One particular area that needs addressing are the millions of patients who are not hospitalized, not introduced to a multidisciplinary team, and are not enrolled in an MTM program to help educate them and manage their medications. The American Hospital Association stated there were 36.5 million hospital admissions in 2011. This is a very small number when compared to the 3.2 billion prescriptions filled each year. These are the patients that need medication education.
Daily, patients pick up prescriptions from busy pharmacy counters or receive prescriptions in the mail. Patients rarely receive the complete counseling and education they need to fully understand their pharmaceutical therapy. The Omnibus Reconciliation Act of 1990 states that patients will be counseled on all new prescriptions. Furthermore, OBRA 90 defines the minimum information necessary for a complete counseling session. The American Society of Health System Pharmacists took a step further to define guidelines on how a pharmacist may best educate patients about their medications.
Current barriers to effective medication counseling do not regularly allow for the pharmacist to sit with patient to discuss their medications for 10-15 minutes at the pharmacy counter. Pharmacists are under tremendous pressure to meet their performance metrics and will regularly cover the counseling points of three or four medications with a patient in fewer than two minutes. Furthermore, the patient is in a hurry to get their medication and leave and may not fully pay attention to the pharmacist at the counter. The patient is sent home with stacks of informational paperwork that is cumbersome to read and usually ends up in the fireplace or recycling can.
Then we have mail order pharmacy to contend with. If a patient is to get a counseling session, they need to phone the mail order pharmacy, wait for a pharmacist, then discuss their medication information with a pharmacist in another state. This may work well for some people; however, quite often patients may just try to search out their own information on the internet. How is a patient to narrow down all of the information to just the OBRA 90 specific, important counseling information?
Recorded Audio Counseling Sessions May Improve the Medication Counseling Gap
Recorded medication counseling sessions effectively bridge the medication education counseling gap between the patient and their health care providers. Patients logon to the AudibleRx website, navigate to the medication they want to learn about, click on the link, then listen to a 6-8 minute Medication Specific Counseling Session describing all of the OBRA 90 counseling information for that specific medication. After listening to a session a patient will have a clear idea of what they do and don’t know about their medication and will be in a position to take educated questions back to their own health care provider.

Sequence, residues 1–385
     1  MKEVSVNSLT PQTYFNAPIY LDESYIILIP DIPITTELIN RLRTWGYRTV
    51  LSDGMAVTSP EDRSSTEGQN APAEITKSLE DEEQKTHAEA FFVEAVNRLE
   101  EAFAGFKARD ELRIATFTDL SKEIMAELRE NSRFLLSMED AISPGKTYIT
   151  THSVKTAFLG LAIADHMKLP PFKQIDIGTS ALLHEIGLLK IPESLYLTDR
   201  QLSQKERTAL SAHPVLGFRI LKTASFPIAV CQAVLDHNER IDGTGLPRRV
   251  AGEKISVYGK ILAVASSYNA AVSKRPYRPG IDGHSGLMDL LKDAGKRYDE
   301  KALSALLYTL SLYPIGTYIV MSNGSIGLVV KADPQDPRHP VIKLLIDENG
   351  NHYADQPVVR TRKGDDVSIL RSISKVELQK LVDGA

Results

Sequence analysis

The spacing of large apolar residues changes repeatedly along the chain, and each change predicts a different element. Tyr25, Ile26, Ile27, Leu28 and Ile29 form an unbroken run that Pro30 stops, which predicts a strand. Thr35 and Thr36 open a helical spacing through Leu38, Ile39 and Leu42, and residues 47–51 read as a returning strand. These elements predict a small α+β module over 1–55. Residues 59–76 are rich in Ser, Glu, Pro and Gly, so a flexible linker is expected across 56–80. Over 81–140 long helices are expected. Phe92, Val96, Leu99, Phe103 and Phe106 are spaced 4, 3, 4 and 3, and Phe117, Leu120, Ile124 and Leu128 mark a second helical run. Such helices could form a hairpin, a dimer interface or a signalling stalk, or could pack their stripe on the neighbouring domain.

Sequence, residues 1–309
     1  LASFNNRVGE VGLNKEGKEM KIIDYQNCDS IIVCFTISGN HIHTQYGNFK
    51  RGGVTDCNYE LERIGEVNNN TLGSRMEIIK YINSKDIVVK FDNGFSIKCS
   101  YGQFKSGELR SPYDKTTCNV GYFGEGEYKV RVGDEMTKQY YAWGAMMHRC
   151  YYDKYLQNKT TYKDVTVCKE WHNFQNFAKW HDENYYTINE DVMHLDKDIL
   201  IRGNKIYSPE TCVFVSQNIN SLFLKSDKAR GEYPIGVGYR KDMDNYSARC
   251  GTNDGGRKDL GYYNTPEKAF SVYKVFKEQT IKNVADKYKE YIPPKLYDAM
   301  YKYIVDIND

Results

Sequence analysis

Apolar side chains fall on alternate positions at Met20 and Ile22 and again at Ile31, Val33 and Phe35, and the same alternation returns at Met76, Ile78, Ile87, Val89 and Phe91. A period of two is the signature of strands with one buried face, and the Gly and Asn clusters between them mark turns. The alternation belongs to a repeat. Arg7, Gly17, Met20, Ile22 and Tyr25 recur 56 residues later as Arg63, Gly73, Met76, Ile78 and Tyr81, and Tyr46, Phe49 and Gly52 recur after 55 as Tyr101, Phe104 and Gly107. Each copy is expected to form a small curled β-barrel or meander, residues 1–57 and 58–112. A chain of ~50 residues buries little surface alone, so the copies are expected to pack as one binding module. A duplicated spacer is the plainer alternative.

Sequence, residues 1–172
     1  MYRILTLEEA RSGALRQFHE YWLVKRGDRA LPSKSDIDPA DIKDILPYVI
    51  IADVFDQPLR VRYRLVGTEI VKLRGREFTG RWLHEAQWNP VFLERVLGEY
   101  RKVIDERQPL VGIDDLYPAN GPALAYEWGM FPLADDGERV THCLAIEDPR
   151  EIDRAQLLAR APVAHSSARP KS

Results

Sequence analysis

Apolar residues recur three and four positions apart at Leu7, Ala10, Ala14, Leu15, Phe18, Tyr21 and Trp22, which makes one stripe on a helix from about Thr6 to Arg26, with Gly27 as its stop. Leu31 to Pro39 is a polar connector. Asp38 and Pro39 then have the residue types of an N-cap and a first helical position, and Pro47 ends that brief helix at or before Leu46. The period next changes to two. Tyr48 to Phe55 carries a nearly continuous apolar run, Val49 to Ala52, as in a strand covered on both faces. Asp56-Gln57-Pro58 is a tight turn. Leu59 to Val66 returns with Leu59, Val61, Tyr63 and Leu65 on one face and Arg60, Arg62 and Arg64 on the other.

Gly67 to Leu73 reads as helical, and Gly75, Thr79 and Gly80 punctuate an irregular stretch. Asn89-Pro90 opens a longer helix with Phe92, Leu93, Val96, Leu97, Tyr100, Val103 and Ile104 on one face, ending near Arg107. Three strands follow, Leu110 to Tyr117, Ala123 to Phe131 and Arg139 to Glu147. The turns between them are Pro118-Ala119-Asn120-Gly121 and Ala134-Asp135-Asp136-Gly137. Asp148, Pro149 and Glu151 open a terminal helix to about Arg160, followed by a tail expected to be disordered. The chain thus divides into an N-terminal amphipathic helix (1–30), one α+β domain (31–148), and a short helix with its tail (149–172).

It is important to understand that the digital recordings provided through AudibleRx are meant to supplement a patient’s education and understanding of their medication and are not a legal replacement for their face to face counseling session with their own pharmacist. The sessions may be accessed on any internet enabled device with a speaker, no downloading necessary.
Patient medication education is only one aspect of medication adherence; however, as stated in a recent report from the Agency for Healthcare Research and Quality, “Our findings suggest that educational interventions and case management approaches offer the most consistent and voluminous evidence of improvements in medication adherence across varied clinical conditions.” With that statement in mind, providing access to digital/audio, OBRA 90 based Medication Specific Counseling Sessions would be an incredibly simple measure to implement for any organization with a desire to increase the medication adherence of their clients.
About the Author
Steve Leuck, Pharm.D., is President/Owner of AudibleRx. AudibleRx provides OBRA 90 based Medication Specific Counseling Sessionsin digital/audio format. Both individual and group memberships are available. Dr. Leuck also works full time as a community pharmacist in a clinic setting where he practices his counseling on a daily basis.